All of these old fuddy-duddies that think you have to buy insurance before something happens are the same type of people that say I should be responsible and buy health insurance before I have large medical bills or that I shouldn’t max out all of my credit cards – and what do they know right?

(I mean come on, being responsible and buying car insurance before you actually need it is just so pre-bailout thinking – I mean, why can’t they just get with the times? I personally own 6 houses that I purchased in 2005 with no money down and Uncle Sam is paying all six of my mortgages for me. Irresponsible is the new black.)

GREAT IDEA #2: Children age 26 and younger should remain covered under a parent’s policy.

I’m going to start this one with a scenario. If, for example, little Bobby has failed his driving test four times, flunked out of school, and run over the mailbox — he should be eligible to stay under his parent’s car insurance policy, right?

Well, what if “little Bobby” is not so little? Say, 26 years old? For car insurance purposes, children should be considered anyone age twenty-six and under, just like for health insurance purposes. Because who makes good decisions under that age, except for the dude who started Facebook?

If it is determined that you are under the age of 26 and make good decisions, fine, but for those that don’t (also called “the majority”), they should be covered by their parents’ car insurance policy.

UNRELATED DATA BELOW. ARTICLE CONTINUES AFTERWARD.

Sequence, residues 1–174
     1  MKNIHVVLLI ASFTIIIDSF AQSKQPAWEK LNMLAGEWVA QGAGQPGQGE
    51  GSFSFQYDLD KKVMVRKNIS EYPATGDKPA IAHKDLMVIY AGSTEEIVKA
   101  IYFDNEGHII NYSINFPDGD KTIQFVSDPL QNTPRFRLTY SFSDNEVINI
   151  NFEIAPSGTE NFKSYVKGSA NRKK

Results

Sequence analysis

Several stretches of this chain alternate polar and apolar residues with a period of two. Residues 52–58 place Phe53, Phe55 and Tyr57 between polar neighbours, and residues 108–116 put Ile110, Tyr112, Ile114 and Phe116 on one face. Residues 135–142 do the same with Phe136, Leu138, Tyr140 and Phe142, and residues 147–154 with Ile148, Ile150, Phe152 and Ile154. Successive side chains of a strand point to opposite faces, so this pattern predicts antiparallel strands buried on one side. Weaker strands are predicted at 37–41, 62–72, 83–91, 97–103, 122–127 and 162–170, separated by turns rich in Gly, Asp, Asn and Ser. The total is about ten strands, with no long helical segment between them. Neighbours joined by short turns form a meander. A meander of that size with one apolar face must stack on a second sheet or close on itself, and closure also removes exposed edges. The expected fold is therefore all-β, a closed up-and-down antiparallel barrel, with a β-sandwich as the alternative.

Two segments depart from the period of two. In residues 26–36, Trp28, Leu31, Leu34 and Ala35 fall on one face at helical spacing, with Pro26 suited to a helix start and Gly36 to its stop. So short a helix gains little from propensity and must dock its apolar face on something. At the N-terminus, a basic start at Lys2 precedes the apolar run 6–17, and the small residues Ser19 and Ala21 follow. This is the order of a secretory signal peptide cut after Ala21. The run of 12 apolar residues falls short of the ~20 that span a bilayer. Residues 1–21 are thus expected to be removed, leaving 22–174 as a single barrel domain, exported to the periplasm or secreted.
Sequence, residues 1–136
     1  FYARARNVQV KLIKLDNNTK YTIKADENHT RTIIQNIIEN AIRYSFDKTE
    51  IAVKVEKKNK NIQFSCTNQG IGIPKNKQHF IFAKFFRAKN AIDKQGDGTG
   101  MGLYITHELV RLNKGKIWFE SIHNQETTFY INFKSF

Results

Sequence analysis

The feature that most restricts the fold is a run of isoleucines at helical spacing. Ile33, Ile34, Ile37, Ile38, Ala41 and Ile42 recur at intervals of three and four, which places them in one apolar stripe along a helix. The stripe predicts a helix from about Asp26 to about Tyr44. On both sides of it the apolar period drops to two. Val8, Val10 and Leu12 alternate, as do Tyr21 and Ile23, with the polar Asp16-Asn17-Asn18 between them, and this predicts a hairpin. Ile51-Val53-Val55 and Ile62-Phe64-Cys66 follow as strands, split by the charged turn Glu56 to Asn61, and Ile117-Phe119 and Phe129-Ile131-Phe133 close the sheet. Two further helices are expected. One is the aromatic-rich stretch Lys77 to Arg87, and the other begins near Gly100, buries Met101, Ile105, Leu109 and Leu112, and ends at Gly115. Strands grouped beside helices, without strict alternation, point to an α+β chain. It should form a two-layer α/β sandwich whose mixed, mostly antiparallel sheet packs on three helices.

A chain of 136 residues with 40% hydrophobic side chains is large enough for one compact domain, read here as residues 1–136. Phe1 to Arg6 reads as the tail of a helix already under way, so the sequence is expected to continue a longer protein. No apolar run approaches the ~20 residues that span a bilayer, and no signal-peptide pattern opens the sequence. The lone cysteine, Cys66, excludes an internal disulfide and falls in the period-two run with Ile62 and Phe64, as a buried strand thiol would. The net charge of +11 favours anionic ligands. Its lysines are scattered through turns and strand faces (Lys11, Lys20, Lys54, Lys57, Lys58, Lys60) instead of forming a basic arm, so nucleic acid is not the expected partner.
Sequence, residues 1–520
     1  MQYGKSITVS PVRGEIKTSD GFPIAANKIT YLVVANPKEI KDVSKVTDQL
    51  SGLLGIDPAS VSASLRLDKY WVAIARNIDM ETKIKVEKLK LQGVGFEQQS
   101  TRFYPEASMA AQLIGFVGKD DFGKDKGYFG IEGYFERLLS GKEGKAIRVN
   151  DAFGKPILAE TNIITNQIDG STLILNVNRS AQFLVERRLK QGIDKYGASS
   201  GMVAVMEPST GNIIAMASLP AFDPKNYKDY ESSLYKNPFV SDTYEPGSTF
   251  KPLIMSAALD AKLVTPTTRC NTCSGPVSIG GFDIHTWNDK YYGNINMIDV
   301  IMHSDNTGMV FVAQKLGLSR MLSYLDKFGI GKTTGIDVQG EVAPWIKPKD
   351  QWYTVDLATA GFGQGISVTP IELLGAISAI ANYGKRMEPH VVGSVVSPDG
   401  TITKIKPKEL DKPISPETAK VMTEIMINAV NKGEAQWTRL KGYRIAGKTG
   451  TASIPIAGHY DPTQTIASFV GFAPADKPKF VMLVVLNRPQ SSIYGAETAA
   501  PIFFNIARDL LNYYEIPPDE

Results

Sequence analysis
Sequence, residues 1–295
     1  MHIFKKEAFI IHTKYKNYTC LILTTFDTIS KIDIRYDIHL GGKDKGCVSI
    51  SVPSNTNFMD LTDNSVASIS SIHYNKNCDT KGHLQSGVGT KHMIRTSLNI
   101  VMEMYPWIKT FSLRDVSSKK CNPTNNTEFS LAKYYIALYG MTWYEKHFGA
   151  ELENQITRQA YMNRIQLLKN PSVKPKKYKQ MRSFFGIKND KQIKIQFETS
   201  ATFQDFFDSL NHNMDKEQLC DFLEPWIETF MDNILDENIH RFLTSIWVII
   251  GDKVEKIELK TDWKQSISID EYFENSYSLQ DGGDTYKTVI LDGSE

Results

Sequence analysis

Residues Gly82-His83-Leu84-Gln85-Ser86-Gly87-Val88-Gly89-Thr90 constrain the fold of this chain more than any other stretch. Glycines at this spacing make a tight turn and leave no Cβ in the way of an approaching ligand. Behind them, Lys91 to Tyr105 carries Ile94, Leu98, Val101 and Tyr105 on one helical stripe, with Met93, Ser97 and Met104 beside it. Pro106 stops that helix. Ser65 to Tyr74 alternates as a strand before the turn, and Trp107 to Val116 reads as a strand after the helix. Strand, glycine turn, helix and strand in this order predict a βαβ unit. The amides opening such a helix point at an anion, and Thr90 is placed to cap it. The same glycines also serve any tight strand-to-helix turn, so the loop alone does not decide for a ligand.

So what if a 26-year-old can smoke, drink, go to war, rent a car, get a tattoo, get plastic surgery, get a credit card, and get a student loan? If the health care reform bill says that children age 26 and under can stay on their parent’s health insurance policy, then our car insurance reform bill should be the same.

GREAT IDEA #3: Make all this junk simpler to understand.

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I mean, come on – why use the term “deductible” when all that means is “money you gotta pay”? That sounds a whole lot simpler. Getting information on car insurance is easy enough thanks to the internet, but understanding it is still a challenge.

And why use so many words? The average person speaks several thousand words per day, yet the average car insurance policy contains tens of thousands of words, most of which will never be read. You know what? People like lists. How about you create lists out of these policies: